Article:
I have a disability, which I have learned to manage over the years. After years of floundering, I have steady employment with a decent income. I still have a counselor that I see regularly. He tracks my progress and listens to my concerns. It can be costly, but it's well worth it. Had I gone on disability, I would be making $9,000 a year. Instead, I make 5 times that.

Good luck in your journey.
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Old 27th May 2011, 4:27 AM   #10
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There are many companies willing to hire people with disabilities, but if you pull out your disability and club them over the head with it when there is an alternative solution to a problem they are going to get sick of you fast. The loud machine shop next door? Instead of complaining about the noise start wearing earplugs. Complain to the company only as an absolute last resort.

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And i didn't even say that I couldn't do the job, i was doing everything. I just said my spine hurts alot so can i get some help.
That is saying you can't do the job. Reasonable accommodation doesn't cover getting another employee to do the task you are supposed to be doing.

I'm sorry this happened to you, but if you really have Spine, Speech, Ear and other conditions you probably qualify for government disability payments every month. There is no shame in that, and it might help your condition improve if you aren't aggravating the spine everyday at work.

Last edited by gaius; 27th May 2011 at 4:30 AM..
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Old 27th May 2011, 2:31 PM   #11
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What are your disabilities? What have you been diagnosed with? How are these disabilities limiting you?

"I'm quiet, my back hurts and noise is annoying" might not be viewed as disabilities but as you being difficult to deal with. Speak with a doctor, get some proof and a diagnosis on your side.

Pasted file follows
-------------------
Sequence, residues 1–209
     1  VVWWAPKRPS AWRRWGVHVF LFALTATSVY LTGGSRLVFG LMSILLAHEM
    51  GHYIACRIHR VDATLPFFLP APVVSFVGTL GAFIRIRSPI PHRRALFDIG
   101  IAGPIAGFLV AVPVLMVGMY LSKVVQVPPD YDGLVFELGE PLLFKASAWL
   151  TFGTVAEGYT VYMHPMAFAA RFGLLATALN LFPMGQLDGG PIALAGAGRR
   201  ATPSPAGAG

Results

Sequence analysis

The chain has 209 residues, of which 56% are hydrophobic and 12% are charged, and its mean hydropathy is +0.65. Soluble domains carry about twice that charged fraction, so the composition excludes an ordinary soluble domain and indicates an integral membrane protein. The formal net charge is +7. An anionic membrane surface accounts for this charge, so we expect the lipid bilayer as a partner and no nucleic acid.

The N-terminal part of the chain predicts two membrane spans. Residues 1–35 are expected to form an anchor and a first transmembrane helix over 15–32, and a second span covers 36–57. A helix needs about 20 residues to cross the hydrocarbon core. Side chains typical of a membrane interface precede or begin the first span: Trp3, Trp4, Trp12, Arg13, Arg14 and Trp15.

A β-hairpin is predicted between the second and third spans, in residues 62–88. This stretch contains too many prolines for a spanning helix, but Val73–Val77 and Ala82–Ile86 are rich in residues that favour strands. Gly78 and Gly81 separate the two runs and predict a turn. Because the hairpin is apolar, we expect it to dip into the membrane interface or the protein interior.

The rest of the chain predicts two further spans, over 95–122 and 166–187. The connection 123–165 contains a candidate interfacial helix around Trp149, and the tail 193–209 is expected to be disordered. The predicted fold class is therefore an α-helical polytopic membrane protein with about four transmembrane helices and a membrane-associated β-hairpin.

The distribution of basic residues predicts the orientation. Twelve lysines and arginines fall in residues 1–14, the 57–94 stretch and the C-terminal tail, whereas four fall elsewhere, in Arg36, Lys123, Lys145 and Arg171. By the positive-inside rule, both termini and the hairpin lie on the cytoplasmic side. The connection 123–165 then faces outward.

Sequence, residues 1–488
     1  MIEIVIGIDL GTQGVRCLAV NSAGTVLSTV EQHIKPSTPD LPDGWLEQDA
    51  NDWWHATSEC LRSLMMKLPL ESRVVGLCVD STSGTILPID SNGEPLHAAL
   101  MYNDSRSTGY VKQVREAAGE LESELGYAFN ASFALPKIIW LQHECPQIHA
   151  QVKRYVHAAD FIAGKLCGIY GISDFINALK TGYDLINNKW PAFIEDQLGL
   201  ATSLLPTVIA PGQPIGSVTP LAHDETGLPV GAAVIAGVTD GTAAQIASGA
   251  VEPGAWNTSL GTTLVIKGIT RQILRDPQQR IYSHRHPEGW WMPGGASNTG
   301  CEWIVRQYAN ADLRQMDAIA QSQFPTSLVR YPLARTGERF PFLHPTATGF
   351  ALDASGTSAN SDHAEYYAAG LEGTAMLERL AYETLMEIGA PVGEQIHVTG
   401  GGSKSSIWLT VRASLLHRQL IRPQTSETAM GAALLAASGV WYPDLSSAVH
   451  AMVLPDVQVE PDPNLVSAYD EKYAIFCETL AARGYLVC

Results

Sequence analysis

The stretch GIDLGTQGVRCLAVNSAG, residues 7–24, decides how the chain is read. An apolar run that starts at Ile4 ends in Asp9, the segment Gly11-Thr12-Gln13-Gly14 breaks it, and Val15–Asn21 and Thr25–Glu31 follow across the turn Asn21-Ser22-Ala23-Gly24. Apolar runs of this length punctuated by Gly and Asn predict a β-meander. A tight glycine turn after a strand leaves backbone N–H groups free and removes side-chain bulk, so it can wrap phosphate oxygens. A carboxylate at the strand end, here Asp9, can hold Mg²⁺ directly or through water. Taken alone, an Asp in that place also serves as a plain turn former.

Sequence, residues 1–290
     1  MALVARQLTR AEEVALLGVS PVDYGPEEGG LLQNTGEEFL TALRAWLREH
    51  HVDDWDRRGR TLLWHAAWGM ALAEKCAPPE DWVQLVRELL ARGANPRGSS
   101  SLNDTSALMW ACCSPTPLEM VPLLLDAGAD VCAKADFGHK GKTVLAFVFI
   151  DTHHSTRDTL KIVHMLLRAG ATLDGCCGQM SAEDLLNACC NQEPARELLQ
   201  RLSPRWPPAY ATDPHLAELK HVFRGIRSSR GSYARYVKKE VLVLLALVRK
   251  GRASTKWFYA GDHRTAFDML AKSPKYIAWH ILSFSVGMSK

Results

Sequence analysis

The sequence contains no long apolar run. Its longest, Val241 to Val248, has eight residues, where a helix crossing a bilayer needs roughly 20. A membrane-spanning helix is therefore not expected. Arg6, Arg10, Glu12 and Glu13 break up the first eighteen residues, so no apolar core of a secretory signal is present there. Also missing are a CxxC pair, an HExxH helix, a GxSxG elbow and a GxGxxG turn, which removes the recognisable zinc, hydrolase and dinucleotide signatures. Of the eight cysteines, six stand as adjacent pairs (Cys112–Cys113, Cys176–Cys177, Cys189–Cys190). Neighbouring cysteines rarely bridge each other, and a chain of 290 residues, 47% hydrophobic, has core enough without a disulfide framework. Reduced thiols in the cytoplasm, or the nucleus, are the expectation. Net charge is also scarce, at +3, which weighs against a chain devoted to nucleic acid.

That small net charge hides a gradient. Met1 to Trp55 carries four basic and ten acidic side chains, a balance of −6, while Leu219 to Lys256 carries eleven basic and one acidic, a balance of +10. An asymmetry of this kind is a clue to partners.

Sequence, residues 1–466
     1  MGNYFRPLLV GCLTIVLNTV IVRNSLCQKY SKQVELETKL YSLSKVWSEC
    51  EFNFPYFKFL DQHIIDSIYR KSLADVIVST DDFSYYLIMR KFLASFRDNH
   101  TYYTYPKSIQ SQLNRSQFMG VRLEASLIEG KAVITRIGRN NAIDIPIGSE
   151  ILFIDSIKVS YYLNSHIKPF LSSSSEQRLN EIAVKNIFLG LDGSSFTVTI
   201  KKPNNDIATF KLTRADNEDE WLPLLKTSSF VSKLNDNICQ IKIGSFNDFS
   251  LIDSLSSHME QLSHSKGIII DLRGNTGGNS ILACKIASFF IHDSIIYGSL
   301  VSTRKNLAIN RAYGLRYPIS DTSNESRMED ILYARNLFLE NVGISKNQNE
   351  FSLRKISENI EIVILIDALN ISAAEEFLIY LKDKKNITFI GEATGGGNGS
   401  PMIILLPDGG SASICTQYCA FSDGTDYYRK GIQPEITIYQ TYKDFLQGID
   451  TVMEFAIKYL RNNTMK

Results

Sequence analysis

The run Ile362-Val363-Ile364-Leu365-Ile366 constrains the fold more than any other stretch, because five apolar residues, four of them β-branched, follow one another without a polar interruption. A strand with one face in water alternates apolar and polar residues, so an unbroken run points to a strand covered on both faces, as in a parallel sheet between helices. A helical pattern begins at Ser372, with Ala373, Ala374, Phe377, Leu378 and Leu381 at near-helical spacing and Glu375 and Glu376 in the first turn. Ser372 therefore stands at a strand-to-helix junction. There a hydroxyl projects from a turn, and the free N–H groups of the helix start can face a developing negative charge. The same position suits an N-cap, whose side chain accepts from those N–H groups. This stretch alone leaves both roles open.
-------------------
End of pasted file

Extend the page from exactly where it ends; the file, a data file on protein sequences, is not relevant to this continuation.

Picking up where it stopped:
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Old 28th May 2011, 9:55 PM   #12
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What are your disabilities? What have you been diagnosed with? How are these disabilities limiting you?

"I'm quiet, my back hurts and noise is annoying" might not be viewed as disabilities but as you being difficult to deal with. Speak with a doctor, get some proof and a diagnosis on your side.
Well thanks all for the mesages. Yeah i understand the supervisors may think i'm difficult. But well my things are visible.

For example I can't walk well. My knees are damaged and i can barely walk(sometimes more than others). My shoulder was also damaged badly in the previous job before this last one. In this job, I was lifting boxes and stuff until it started hurting bad. So i asked them about it , and they did recognize and accept my problems.Then suddenly i started having this spine problem and my chest feels like tearing and stabbing, i can barely move. One day i went to work and i couldn't move at all...so i walked slowly to the supervisor and told her if i could go to the Dr. I went and the Dr did notice in an xray what was happening.

Anyways, i eventually got a little better to at least be able to do some of the stuff . The job, because of months of having to move fingers quickly to pull out staples and prep tons of papers, also caused me to lose my thumbs. They started hurting really bad when moving pages and pulling stuff. And now i'm to the point where i can't move my thumbs very much . I also went to get that checked and the dr said i have some weird thumbs something to do with a syndrome i have.

Anyways, because I wanted to keep the job I didn't even tell everything i have but some things just started hurting me very much so i had to say it.

So maybe it's good that they let me off cause the job i was doing was more for someone with physical abilities and strength. I'm pretty weak.

***
Now for my next job and my job search I'm a bit scared that they won't like me because i can barely walk. Most young people that work in offices or whatever are not limping...

This is hard. I used to be healthy and i would love lifting boxes or whatever but now i can't do much. And that's the type of work I had for a long time and i would be great at it.


ALLINA, so when do i reveal the problems i have( that can affect the work i do)? in the first interview or what?

Last edited by quietGuy13; 28th May 2011 at 9:59 PM..
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Old 30th May 2011, 3:10 PM   #13
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What syndrome do you have? What did the doctor notice in your x-ray, and was that issue resolved?

I suggested in my other post that you look into Grant Writing. Non-profits and educational systems often have no funds to hire full-time grant writers, and they rely on writers finding the grants themselves and then offering to write the grant in exchange for a portion of the grant. Grant writing courses are often less than a semester long, and are often on-line (you won't have to talk to anyone for class or walk to get there). You will have to talk or meet with the organizations that you would offer to write grants for, but since your speaking/mobility skills aren't important for grant writing, there is no reason why your disabilities in those areas would affect your getting work.